PRISM – Direct Drive Clock
One thing that I’m not so clever with is the software that drives clocks. I can cope with updating displays, fetching time from NTP sources, changing LED colours and dimming Nixies.
I understand and use the ‘state machine’ concept to emulate a kind of multi tasking environment and I’ve even dabbled with interrupts but where It all falls over for me is in the publishing of web pages in order to change clock settings – that is knowledge that I just don’t have 🙁
I have built a few kits from nixieclocks.biz and have seen their software develop as well as the range of clocks on offer.
I was lucky enough to be offered a PCB for a prototype Direct Drive IN-18 based clock which had all the features I liked including web based configuration pages etc so I jumped at the chance. I procured the required components and pushed the whole thing together. Before long I had a clock with all the features I liked.
Both the hardware design and software are ‘Open Source’ so I decided to have a go at making my own version to work with Z566M (and pin compatible) tubes.
The circuit shares several common ‘building blocks’ with some of my designs including 5V (Buck Converter) and 170V (MC34063A) power supply circuits as well as twin HV5622 HV shift register / drivers.
Before long I had established the layout of a ‘controller’ board which had the power supplies, WeMos and level shifter components in place. I then set about the tube board which has the HV5622 Shift Registers, anode resistors and tube sockets. It also has provision for Colon Towers (LED or Neon) as well as neopixels for those who like the under tube lighting (like me).
PRISM Controller V1.1
PRISM Controller V1.5 with revised power supply layouts
PRISM Controller V1.568 with NCH6300HV module for the HV
Tube board for Z566M and pin compatible tubes
Tube board for IN-12
Tube board for GN-4P and pin compatible tubes
Tube board for Burroughs B5441 and pin compatible tubes
Tube board for QS27-1 and pin compatible tubes
Tube board for IN-18 tubes
Tube board for Z568 and pin compatible tubes including Dalibor Farny R|Z568M and Millclock ZIN70 with Nixilogy colon separators – 396mm x 60mm
Tube board for Millclock ZIN70 with suport for Millclock Colon Seperators – 440mm x 65mm
No sooner said – than done!
IN-4 Tube Board
It rapidly dawned upon me that I could actually make tube boards for various other tube types by changing the footprints and adjusting the tube positions to suit. Accordingly I have already laid out tube boards for Z566M etc. ZM1020 top view tubes etc, IN-12, QS27-1 and IN-18.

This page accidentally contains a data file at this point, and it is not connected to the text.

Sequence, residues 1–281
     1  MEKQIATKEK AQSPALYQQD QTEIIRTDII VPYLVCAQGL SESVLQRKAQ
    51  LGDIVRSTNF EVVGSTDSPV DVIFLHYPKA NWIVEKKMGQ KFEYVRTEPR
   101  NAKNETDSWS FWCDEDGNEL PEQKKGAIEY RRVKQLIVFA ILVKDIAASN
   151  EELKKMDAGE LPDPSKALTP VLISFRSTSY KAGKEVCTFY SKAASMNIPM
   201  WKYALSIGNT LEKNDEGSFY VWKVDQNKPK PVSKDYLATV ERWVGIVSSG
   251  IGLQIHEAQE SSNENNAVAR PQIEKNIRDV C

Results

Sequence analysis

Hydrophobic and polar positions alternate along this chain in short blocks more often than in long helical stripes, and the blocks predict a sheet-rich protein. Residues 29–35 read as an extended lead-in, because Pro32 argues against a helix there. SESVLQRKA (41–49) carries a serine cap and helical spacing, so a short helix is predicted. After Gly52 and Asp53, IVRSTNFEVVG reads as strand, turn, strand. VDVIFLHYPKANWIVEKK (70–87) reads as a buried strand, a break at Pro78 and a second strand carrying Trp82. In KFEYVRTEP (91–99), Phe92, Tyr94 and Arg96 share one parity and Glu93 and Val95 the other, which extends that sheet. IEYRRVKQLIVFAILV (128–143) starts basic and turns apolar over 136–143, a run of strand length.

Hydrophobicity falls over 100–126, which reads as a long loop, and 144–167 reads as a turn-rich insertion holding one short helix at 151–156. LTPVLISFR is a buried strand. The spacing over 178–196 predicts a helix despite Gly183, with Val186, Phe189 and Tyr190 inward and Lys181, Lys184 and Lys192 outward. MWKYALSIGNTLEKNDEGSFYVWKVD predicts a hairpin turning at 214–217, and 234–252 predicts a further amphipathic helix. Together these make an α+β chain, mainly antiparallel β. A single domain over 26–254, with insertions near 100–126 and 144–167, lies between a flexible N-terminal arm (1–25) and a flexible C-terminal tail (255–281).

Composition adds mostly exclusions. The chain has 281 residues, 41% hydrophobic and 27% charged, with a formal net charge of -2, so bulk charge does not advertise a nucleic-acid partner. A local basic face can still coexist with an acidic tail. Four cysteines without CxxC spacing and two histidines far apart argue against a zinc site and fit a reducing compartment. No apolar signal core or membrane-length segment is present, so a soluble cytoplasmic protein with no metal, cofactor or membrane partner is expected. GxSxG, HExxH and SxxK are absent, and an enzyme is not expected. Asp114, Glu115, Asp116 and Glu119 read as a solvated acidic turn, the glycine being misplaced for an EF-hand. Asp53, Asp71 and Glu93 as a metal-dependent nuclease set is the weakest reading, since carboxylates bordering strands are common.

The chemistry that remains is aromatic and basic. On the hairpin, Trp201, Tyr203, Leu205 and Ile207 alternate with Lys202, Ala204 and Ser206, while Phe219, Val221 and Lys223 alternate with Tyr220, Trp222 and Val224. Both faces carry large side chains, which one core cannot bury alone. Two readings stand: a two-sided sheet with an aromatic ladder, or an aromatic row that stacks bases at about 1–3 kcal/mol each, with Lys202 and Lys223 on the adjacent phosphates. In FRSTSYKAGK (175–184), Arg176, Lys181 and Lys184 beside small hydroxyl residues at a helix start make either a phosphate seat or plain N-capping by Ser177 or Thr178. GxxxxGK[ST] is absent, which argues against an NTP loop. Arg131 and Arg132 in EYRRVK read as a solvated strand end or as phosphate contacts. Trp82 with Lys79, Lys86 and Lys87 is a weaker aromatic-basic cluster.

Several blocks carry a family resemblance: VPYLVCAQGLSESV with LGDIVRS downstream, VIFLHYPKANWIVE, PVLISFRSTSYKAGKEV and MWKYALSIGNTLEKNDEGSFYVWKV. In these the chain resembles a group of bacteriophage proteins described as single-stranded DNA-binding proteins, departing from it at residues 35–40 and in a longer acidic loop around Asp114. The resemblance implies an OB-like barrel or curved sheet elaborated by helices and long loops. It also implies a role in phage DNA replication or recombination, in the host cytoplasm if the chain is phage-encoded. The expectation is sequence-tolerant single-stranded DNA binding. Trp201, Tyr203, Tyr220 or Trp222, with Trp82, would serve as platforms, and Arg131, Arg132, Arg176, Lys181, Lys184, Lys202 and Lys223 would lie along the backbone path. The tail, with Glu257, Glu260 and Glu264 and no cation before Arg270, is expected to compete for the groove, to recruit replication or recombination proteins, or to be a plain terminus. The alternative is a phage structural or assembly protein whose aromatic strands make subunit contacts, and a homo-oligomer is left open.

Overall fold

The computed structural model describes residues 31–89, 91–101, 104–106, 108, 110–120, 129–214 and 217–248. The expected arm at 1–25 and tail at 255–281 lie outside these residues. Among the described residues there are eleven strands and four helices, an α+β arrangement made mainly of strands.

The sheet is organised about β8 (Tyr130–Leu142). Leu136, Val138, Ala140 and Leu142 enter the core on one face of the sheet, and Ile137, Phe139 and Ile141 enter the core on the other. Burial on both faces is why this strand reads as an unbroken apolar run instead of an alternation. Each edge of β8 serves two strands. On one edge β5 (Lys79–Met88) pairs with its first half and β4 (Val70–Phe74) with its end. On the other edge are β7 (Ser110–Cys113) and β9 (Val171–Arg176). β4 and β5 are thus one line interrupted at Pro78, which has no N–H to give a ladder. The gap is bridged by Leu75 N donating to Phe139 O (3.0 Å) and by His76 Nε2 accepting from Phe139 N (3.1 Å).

All tubes being driven directly via the HV5622’s. The HV5622 are designed to run at a 12V logic levels and although many designs work OK at 5V, given that the WeMos works at 3V3, the controller board features a CD40109 level shifter to take the 3V3 signals and turn them into 12V signals.
The two boards are connected uising headers and sockets on a 0.1″ pitch though rather than use the standard ‘Arduino’ style pins and sockets, I am using turned pins and turned pin sockets. The ‘socket’ pins are broken out out their plastic strips and recessed into 60 mil holes in the PCB. This reduces the inter-board gap to around 6mm which reduces the overall height of the clock. There are also sets of holes that allow the tube boards to be fixed properly to the controller board using M3 hex standoffs. This makes it easy to fix the entire assembly into the chosen housing.
The controller board has develeoped a little and some minor modifications have been made to some of the tube boards but now – we have a clock (well, several in fact).
Thus far I have tube boards for: Z566, General B13-B socket for top view tubes, IN-12, IN-18, QS27-1, NL5441 and R|Z568M – all ticking away – PM me if interested.
The controller for Z568/R|Z568M and ZIN70 tubes features the new NCH6300HV power supply from Omnixie.
I can supply bare boards with download links for the software, bill of materials, with links to suppliers and construction notes or complete kits of components and PCB’s. PM me if interested.
If you have a tube type that is not catered for and you’d like a board for them, just let me know – I love a challenge (Nixies only, non biquinery).
Single Board for R|Z568M, Z568 and ZIN70
The size of these tubes means that the PCB is going to be similarly large – I set myself the task of using the space around the tubes to accomodate the various power supplies and logic that the clock needs.
The result is a single board which accomodates 6 tubes with matching colon separators. All components are mounted on the underside of the board and protrude no more than 11mm from the board.
The result is a low profile design that lends itself to a variety of housing concepts. I made a simple acylic case which is a snug fit to show how small it could be (well, small for a big clock!).
It has all the same features that the other PRISM designs do including WiFi Connect, Browser based config, NTP Sync, RTC backup, Motion detect activation and configurable underlighting. This version features two NCH8200HV power supplies to ensure cool running. It also uses Dalibors ‘Proper Drive’ method where each cathode has its own series resistor so that all cathodes present the same overall brightness. That’s a lot of resistors, Surface Mount components have been used throughout.
Full kits and cases parts are available – ask me for details.
Here are a few shots of the boards under contstruction as well as a few glamor pics!
A closeup on part of th HV power supply.
More HV detail
WeMos Mini controls everything
Tube underlighting is not everyones cup of tea so there are configurable options which include turning them all off!
Burroughs B5092’s in action
The controller board behind a tube board
More HV Supply detail
The board interconnections are made by removing turned pins from turned pin socket strips which provides an economic and low profile interconnection